Most people have heard the term “probate,” but really don’t know what that word means. In a nutshell, probate is a legal proceeding to administer certain property owned by someone who has died. If that person left a will, the property is distributed according to the decedent’s wishes. However, if the person died without a will, the property is distributed according to Ohio law.

What Property Goes Through Probate

Not all property owned by a decedent goes through probate. For instance, real estate held in the name of the decedent with another person with a right of survivorship simply transfers to the other person. This type of transfer frequently occurs with marital homes. Likewise, accounts that are designated “transfer on death” are simply transferred to named beneficiary without the need for probate. In addition, a decedent may have life insurance or retirement benefits that are payable to a named beneficiary.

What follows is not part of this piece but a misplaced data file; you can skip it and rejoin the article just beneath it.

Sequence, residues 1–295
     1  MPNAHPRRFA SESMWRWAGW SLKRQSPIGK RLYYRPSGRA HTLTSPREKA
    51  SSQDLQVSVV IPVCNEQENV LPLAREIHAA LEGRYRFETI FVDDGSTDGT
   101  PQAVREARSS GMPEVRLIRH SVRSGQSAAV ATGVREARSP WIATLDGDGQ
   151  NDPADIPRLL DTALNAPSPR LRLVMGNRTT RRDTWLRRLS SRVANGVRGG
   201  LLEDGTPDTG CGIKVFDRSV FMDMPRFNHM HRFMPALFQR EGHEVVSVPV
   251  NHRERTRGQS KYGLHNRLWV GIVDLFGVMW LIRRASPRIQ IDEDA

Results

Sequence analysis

Appointing an Executor or Administrator

Probate proceedings take place in the probate court in the county in which the decedent lived. Probating the estate requires that a person be appointed to conduct the administration of the estate. If there is a will, that person is identified in the will as the “executor.” If there is no will, the probate court appoints someone called an “administrator.” The executor or administrator serves multiple functions, including identifying and marshalling the decedent’s property, determining heirs and beneficiaries, and collecting monies owed to the decedent, etc.

The value of the property owned by the decedent impacts both the costs and length of the probate proceedings. Because of the complexity of these procedures, it is important that you or your family consult attorneys with experience handling probate matters. Please call the probate & estate planning lawyers at Wuliger & Wuliger at 781-7777 so that we can assist you.

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